Al Petterson (eyelessgame) wrote,
Al Petterson
eyelessgame

Saturn's Coolest #5: Epimetheus and Janus

The most common reaction I've heard when these two moons are explained to people (*) is "you have got to be shitting me."

(* People, as opposed to physicists.)

Like Prometheus and Pandora, these two aren't worlds (they aren't spheres); they're just rocks, and in fact are not far from that pair. Epimetheus and Janus orbit inside of Mimas, very close to the rings, but outside of the F ring that Prometheus and Pandora make.

Rocks aren't, by and large, all that interesting. But these two are not just interesting but dumbfounding, not because of what they are but because of what they do.

I'll let you figure out the problem. They're each about a hunded miles in diameter (on average; they're irregular rocks). Their orbits are perfectly circular, and they both orbit exactly in the plane of the rings. And the radii of their orbits - the paths traveled by the two moons' centers - differ by only thirty miles.

Think about that for a minute. I'll wait.

Their orbits are thirty miles apart. They're each a hundred miles in diameter. That means they each extend fifty miles in each direction from the paths of their orbits. Their orbits have to be a hundred miles apart, or they'll collide. Right?

Wrong.

When the inside one approaches the outside one (happens once every four years) and they are just about to collide, they swap orbits.

I feel compelled to assure you I am not making this up.

(There's a small subset of people - physicists - who at this point will roll their eyes at me and think I'm acting like an exciteable moron - "Well of course they swap orbits. What did you think they would do?" The explanation that follows is for everybody else.)

Higher orbits (more distant from the thing you're orbiting, in this case Saturn) have more energy... but the thing in the higher-energy orbit moves more slowly. Yeah, that's weird, but it's how orbits are. Pretend you're Epimetheus, and you're orbiting just "below and behind" Janus - catching up to it, in a lower orbit (closer to Saturn). Just as you catch up, the gravitational pull between you and Janus causes you to steal some of its kinetic energy, pulling back on it, as it pulls you forward. Since you get more energy from being pulled forward, you climb into a higher orbit and, since Janus lost energy from being pulled back, this drops Janus into a lower one.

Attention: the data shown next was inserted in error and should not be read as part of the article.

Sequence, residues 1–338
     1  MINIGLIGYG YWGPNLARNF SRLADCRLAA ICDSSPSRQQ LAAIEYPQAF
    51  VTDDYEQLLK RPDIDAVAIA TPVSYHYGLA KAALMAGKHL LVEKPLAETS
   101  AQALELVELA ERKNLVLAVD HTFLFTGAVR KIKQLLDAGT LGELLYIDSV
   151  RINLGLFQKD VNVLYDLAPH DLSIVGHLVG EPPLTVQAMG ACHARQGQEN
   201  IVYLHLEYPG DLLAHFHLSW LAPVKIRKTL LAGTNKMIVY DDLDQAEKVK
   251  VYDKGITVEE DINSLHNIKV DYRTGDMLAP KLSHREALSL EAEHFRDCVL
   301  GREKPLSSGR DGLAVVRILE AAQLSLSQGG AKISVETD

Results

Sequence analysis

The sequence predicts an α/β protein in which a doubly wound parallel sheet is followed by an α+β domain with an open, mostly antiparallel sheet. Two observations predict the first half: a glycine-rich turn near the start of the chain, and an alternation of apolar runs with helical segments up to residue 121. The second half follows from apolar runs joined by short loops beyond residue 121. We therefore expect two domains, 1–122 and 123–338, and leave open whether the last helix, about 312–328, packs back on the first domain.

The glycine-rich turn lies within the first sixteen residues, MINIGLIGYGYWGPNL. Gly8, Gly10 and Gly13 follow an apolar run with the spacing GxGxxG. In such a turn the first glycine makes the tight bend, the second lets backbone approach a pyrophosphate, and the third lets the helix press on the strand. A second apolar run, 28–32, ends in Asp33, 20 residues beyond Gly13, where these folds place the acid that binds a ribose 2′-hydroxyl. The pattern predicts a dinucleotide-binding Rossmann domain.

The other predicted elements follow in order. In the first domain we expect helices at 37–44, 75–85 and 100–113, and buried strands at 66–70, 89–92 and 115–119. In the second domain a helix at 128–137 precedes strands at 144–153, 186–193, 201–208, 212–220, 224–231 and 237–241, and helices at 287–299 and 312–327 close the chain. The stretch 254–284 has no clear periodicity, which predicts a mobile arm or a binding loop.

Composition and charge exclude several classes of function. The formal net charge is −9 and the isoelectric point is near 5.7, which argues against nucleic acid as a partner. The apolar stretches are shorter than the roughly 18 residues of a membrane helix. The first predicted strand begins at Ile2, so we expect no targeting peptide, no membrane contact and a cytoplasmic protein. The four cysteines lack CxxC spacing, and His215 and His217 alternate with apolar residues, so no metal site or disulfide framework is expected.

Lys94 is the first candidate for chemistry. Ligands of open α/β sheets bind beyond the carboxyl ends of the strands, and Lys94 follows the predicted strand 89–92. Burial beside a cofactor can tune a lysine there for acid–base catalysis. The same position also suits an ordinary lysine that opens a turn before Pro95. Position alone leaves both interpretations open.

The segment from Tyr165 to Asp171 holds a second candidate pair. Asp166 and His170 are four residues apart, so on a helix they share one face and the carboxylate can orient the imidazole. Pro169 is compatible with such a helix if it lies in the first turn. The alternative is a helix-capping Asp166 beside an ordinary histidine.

Now that you're in a higher orbit, you move slower, and Janus - now in a lower orbit - moves faster. So Janus pulls away from you, like a car that downshifted. Then four years pass, while you each orbit Saturn two thousand times, Janus going ever so slightly faster. After these four years, Janus catches up to you from behind, pulls on you, and reverses the process; you (Epimetheus) are the one dropping into the lower orbit, and Janus climbing up to the higher one. And you now move faster, pull away from Janus, and then take another four years to make up the lap, and then the swap happens again.

And again. A billion times, since the system formed, unless something happened substantially more recently to push these moons into this orbit... that's something we'd like to find out someday.

You can almost think of the two moons orbiting each other. They whip around Saturn once every seventeen hours, and they orbit each other with a period of eight years, during most of which they have no gravitational effect on each other whatsoever.

Saturn's moons are weird.

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